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Open Access Research article

The Peritraumatic Behavior Questionnaire: development and initial validation of a new measure for combat-related peritraumatic reactions

Agorastos Agorastos12, William P Nash3, Sarah Nunnink134, Kate A Yurgil4, Abigail Goldsmith34, Brett T Litz56, Heather Johnson4, James B Lohr134 and Dewleen G Baker1347*

Author Affiliations

1 Veterans Affairs Center of Excellence for Stress and Mental Health, VA San Diego, CA, USA

2 Department of Psychiatry and Psychotherapy, University Medical Center Hamburg-Eppendorf, Hamburg, Germany

3 Department of Psychiatry, University of California, San Diego, CA, USA

4 VA San Diego Healthcare System, San Diego, CA, USA

5 Department of Psychiatry and Department of Psychology, Boston University School of Medicine, Boston, MA, USA

6 National Center for Post Traumatic Stress Disorder, VA Boston Healthcare System, Boston, MA, USA

7 Department of Psychiatry, University of California San Diego, 9500 Gilman Drive (0603V), 92093-0603V, La Jolla, CA, USA

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BMC Psychiatry 2013, 13:9  doi:10.1186/1471-244X-13-9

Published: 5 January 2013

Abstract

Background

Posttraumatic stress disorder (PTSD) is one of the most commonly observed stress-related conditions following combat exposure and its effective prevention is a high health-care priority. Reports of peritraumatic reactions have been shown to be highly associated with PTSD among combat exposed service members. However, existing instruments measuring peritraumatic symptoms were not specifically developed to assess combat-related peritraumatic stress and each demonstrates a different peritraumatic focus. We therefore developed the Peritraumatic Behavior Questionnaire (PBQ), a new military-specific rating scale focused upon the wide range of symptoms suggestive of combat-related peritraumatic distress in actively deployed Service Members. This study describes the development of the PBQ and reports on the psychometric properties of its self-rated version (PBQ-SR).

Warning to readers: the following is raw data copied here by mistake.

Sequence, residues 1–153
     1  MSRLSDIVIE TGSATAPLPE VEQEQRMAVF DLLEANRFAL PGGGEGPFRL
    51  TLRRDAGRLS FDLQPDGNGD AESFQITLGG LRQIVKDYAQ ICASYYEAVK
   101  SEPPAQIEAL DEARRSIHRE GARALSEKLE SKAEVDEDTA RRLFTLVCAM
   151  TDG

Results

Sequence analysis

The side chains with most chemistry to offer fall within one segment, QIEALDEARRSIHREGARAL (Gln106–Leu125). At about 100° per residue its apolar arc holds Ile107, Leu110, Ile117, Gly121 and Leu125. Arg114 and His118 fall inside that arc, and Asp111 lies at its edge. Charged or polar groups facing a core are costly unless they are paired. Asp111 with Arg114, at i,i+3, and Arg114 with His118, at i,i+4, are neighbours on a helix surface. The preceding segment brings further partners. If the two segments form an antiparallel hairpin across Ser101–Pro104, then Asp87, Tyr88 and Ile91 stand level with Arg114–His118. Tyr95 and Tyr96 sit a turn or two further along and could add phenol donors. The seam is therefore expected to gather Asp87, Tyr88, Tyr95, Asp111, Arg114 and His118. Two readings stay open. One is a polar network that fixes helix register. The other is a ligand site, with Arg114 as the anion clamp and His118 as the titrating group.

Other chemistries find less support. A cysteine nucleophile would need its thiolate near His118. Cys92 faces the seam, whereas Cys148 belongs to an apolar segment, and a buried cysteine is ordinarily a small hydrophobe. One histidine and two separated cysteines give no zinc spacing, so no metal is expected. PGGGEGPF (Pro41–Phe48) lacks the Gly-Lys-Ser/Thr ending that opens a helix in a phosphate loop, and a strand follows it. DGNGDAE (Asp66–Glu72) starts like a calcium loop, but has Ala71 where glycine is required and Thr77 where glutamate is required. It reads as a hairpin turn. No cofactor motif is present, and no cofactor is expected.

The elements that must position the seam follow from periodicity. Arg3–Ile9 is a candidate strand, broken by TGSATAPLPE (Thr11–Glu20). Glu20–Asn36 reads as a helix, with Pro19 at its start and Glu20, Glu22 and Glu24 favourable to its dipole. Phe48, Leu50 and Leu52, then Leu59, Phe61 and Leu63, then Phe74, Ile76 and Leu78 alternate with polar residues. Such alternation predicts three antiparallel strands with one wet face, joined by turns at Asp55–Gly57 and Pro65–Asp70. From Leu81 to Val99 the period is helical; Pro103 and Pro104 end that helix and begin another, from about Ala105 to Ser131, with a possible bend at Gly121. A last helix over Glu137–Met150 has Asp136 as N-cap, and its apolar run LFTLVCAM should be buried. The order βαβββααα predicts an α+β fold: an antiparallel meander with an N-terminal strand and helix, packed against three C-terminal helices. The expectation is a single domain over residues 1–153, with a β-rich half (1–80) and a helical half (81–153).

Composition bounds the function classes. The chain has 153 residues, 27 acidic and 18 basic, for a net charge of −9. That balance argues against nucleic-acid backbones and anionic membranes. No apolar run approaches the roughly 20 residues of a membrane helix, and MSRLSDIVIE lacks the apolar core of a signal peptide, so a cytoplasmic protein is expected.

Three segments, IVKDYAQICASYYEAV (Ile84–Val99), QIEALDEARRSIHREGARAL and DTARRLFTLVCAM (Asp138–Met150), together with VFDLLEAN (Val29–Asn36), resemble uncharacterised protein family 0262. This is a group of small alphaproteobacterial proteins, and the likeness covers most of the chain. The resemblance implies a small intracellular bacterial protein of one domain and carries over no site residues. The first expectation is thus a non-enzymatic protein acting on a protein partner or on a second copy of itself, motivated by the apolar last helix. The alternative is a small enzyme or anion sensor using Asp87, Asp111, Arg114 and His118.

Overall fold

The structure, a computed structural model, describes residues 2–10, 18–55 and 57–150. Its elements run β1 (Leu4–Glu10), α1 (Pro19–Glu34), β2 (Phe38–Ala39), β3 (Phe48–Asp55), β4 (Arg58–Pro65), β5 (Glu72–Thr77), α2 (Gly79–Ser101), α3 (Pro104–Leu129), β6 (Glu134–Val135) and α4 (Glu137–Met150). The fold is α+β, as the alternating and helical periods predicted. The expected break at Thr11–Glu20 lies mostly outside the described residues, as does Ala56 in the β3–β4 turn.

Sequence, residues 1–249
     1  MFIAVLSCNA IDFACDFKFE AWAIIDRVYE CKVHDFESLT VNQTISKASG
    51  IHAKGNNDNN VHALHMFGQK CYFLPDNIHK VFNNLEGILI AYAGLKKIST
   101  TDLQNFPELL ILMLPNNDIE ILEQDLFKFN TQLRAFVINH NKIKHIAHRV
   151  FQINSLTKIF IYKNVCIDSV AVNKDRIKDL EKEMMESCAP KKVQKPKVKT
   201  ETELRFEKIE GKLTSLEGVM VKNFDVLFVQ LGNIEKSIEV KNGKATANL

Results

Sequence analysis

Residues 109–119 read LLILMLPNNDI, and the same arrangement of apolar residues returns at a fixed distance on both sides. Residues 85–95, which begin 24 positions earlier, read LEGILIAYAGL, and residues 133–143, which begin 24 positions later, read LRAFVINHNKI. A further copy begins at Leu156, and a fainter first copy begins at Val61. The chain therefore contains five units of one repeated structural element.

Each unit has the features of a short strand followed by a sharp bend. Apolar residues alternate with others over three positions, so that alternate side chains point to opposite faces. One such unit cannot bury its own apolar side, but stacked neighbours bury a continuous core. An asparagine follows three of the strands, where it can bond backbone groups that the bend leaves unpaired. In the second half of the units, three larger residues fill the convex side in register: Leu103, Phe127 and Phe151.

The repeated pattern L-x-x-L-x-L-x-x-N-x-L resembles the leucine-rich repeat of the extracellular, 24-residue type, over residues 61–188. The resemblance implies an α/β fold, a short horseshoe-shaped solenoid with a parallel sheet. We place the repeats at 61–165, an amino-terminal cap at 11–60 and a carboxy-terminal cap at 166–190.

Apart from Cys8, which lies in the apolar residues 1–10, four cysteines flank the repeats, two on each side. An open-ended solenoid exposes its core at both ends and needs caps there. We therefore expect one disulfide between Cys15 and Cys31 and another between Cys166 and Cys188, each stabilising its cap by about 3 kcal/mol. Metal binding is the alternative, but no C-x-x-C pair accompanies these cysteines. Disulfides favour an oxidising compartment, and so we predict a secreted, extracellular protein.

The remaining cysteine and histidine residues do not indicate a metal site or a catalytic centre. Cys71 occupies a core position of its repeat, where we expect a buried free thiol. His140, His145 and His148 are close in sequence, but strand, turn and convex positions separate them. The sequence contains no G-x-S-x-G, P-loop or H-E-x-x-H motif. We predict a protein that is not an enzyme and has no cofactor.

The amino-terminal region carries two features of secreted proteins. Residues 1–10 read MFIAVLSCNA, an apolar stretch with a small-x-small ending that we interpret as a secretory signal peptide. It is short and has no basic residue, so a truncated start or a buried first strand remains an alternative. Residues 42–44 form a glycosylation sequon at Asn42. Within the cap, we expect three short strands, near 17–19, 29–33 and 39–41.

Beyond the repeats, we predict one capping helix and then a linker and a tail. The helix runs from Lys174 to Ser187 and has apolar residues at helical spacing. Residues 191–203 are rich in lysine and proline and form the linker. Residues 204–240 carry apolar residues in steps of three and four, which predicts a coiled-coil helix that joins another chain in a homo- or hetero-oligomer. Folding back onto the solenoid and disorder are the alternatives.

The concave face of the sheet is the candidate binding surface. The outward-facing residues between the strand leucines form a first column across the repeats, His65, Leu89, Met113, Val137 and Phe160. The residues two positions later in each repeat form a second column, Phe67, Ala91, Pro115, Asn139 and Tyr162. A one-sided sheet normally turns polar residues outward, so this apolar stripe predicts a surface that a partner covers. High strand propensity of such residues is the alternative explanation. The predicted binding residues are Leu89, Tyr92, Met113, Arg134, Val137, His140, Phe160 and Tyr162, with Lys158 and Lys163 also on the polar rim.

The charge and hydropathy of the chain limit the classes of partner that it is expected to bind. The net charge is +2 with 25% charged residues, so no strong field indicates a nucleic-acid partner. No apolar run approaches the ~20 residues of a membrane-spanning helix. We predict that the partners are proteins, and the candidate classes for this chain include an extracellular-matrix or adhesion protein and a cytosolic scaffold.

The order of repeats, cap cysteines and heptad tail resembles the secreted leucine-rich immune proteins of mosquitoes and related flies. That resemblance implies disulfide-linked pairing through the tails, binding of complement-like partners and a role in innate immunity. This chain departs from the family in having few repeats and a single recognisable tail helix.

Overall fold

Methods

688 Marine infantry service members were retrospectively assessed by the PBQ-SR within the scope of the Marine Resiliency Study after their deployment to war zone. Participants have been additionally assessed by a variety of questionnaires, as well as clinical interviews both pre and post-deployment.

Results

The PBQ-SR demonstrated satisfactory internal consistency, convergent and discriminant validity, as well as high correlation with trait dissociation prior to deployment. Component analysis suggested a latent bi-dimensional structure separating a peritraumatic emotional distress and physical awareness factor. The PBQ-SR total score showed high correlation to general anxiety, depression, poorer general health and posttraumatic symptoms after deployment and remained a significant predictor of PTSD severity, after controlling for those measures. The suggested screening cut-off score of 12 points demonstrated satisfactory predictive power.

Conclusions

This study confirms the ability of the PBQ-SR to unify the underlying peritraumatic symptom dimensions and reliably assess combat-related peritraumatic reaction as a general construct. The PBQ-SR demonstrated promise as a potential standard screening measure in military clinical practice, while It’s predictive power should be established in prospective studies.

Keywords:
Peritraumatic behavior questionnaire; Peritraumatic dissociation; Peritraumatic reaction; Posttraumatic stress disorder (PTSD); Stress; Psychometric properties; Validity; Reliability; Screening; Assessment